Ceramics Workshop_BAFAN1B1B_Siew Guang Hong_Project 4_Diving for Pearls 2_.jpg

Siew Guang Hong

Siew Guang Hong (b. 2000) is a multidisciplinary artist primarily working with ceramics and sculpture. His practice revolves around exploring gender and sexuality. Placing special importance on sociology and beauty, Siew develops pieces centering around his study of the abject and the uncanny. To him, these fringes in aesthetics bear important connections to the marginalised queer experience in Singapore. Siew is under the TIF-SOTA Scholarship and was a previous recipient of the David Marshall Scholarship. His works have been showcased in Pulse Gallery Bangkok (2022), Another Impossibility (2022)@SOTA Gallery, TIF Virtual Emerald Auction (2021), and The Unforgetting Space (2017)@TheatreWorks.

Diving for Pearls

White stoneware, black smooth

180 x 30 x 30 cm

2021

Diving for Pearls is a collection of Siew's pitcher plant anatomy studies. Focusing on the entrance of the pitcher plant, Siew explores different ways to capture the folds, wrinkles, and flaps of the delicate pitcher orifice. Below the luscious lips, Siew moulds the voluptuous bust of the pitcher bell. The pitcher is an intriguing organism because it lures its prey into its gaping hole with sweet, seductive scents and at times, a hypnotic UV glow. One might be able to draw some connections between the ravenous hunger of the seemingly docile creature and Lacan's theory of ‘lack’. After all, the bell of the pitcher takes the form of negative space, something to be desired.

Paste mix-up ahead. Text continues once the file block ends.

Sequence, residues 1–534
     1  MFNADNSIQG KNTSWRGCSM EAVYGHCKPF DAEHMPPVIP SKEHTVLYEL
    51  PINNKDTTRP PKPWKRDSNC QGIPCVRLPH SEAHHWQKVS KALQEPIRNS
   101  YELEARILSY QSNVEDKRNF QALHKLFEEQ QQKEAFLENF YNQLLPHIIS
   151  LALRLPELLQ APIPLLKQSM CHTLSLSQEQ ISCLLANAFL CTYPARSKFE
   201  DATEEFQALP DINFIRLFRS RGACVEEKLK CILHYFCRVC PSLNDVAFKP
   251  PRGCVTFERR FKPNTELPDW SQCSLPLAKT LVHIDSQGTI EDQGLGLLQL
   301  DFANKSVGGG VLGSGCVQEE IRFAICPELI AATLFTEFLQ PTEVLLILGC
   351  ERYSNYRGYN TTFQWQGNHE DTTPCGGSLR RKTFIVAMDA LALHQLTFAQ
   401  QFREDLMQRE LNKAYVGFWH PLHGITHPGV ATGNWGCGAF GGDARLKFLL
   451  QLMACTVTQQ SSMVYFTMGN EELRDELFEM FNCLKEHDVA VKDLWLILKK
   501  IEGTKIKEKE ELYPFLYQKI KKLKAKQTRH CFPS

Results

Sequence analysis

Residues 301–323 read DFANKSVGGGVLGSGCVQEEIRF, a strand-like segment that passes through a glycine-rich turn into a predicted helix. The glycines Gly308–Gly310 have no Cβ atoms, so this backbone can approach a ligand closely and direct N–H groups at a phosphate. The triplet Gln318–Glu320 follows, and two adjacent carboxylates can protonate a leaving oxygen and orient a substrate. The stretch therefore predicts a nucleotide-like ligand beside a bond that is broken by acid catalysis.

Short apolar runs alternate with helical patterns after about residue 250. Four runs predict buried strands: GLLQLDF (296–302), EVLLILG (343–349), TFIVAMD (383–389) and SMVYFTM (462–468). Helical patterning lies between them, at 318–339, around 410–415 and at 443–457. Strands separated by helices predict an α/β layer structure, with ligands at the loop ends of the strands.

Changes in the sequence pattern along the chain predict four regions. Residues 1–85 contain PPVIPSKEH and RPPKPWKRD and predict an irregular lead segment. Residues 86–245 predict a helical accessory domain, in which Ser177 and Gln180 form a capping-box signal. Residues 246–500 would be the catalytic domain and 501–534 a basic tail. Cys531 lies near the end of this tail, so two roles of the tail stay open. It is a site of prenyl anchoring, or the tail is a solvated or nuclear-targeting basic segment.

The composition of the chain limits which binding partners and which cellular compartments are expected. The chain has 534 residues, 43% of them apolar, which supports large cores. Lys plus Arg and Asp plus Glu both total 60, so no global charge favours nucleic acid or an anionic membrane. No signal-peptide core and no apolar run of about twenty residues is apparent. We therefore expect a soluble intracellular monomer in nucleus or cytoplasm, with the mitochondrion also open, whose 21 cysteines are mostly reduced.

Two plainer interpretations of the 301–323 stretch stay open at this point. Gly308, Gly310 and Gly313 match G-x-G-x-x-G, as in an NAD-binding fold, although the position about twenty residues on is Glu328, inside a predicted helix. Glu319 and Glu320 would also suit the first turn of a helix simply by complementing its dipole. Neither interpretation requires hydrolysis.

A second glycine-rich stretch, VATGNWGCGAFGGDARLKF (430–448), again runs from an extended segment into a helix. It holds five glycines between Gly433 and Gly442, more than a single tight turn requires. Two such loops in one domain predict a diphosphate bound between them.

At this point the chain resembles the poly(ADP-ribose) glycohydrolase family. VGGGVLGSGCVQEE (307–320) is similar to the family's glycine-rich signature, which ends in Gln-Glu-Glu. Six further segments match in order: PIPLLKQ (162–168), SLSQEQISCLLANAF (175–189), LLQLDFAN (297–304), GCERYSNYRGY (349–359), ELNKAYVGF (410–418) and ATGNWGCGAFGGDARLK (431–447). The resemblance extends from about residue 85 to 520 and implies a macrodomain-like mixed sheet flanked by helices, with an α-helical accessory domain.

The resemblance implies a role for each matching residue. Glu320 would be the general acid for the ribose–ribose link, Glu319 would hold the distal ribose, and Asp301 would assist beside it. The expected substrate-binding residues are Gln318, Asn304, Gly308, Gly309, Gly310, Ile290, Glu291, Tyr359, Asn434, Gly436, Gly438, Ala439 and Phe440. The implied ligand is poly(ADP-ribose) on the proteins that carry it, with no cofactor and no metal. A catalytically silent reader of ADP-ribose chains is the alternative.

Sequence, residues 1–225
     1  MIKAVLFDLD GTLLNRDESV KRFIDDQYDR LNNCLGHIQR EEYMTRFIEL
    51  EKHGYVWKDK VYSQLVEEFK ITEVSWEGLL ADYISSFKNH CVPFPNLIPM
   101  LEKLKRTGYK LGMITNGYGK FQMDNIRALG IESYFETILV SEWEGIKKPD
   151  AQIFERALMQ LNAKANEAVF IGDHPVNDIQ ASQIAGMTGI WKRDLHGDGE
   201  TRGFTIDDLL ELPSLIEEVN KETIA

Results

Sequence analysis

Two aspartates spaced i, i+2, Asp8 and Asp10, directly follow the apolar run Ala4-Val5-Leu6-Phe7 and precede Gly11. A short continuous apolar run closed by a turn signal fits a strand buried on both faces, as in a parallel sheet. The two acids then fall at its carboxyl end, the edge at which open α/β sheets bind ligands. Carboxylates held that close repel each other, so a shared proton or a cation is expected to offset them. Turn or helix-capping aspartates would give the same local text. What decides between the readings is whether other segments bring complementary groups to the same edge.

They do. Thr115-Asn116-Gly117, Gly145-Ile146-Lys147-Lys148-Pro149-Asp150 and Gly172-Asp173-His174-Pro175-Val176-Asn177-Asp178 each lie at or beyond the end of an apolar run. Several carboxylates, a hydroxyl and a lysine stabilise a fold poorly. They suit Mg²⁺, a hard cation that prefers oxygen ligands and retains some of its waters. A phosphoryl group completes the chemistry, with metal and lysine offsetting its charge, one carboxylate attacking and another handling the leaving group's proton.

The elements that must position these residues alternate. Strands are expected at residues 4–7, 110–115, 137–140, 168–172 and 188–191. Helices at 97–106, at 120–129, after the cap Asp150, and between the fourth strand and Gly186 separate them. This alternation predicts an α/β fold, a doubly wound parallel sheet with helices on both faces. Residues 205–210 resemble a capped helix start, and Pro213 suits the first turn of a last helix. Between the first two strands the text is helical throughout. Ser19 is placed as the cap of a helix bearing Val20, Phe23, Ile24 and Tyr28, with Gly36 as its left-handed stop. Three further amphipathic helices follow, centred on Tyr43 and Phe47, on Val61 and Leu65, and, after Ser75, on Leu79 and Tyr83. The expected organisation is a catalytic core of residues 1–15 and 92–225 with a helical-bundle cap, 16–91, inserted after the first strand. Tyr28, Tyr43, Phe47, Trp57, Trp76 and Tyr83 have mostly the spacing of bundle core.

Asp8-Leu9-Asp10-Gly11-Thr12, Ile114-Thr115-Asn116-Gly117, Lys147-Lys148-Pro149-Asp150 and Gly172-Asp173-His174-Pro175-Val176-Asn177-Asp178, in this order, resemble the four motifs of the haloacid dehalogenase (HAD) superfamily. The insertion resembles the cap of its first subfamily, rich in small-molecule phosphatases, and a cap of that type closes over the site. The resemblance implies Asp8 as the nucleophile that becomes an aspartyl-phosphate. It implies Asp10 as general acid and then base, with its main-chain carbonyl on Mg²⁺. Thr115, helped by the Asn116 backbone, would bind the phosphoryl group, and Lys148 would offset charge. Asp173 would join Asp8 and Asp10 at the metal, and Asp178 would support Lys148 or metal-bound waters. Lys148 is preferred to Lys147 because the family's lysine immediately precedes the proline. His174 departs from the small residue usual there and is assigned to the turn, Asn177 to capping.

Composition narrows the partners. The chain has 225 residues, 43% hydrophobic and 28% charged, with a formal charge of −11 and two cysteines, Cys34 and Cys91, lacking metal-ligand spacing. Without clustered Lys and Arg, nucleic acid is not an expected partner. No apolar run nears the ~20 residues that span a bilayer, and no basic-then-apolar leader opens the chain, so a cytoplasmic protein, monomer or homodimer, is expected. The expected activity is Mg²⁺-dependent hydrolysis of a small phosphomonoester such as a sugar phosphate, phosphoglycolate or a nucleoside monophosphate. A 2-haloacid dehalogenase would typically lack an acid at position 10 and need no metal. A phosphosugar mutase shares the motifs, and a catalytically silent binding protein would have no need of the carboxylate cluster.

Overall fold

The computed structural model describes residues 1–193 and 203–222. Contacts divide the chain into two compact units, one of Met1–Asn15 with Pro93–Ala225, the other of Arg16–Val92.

genus Scylla

Crabs, silicone, polyester, metal

100 x 37.5 x 60 cm
2022

Diving for Pearls is a collection of Siew's pitcher plant anatomy studies. Focusing on the entrance of the pitcher plant, Siew explores different ways to capture the folds, wrinkles, and flaps of the delicate pitcher orifice. Below the luscious lips, Siew moulds the voluptuous bust of the pitcher bell. The pitcher is an intriguing organism because it lures its prey into its gaping hole with sweet, seductive scents and at times, a hypnotic UV glow. One might be able to draw some connections between the ravenous hunger of the seemingly docile creature and Lacan's theory of ‘lack’. After all, the bell of the pitcher takes the form of negative space, something to be desired.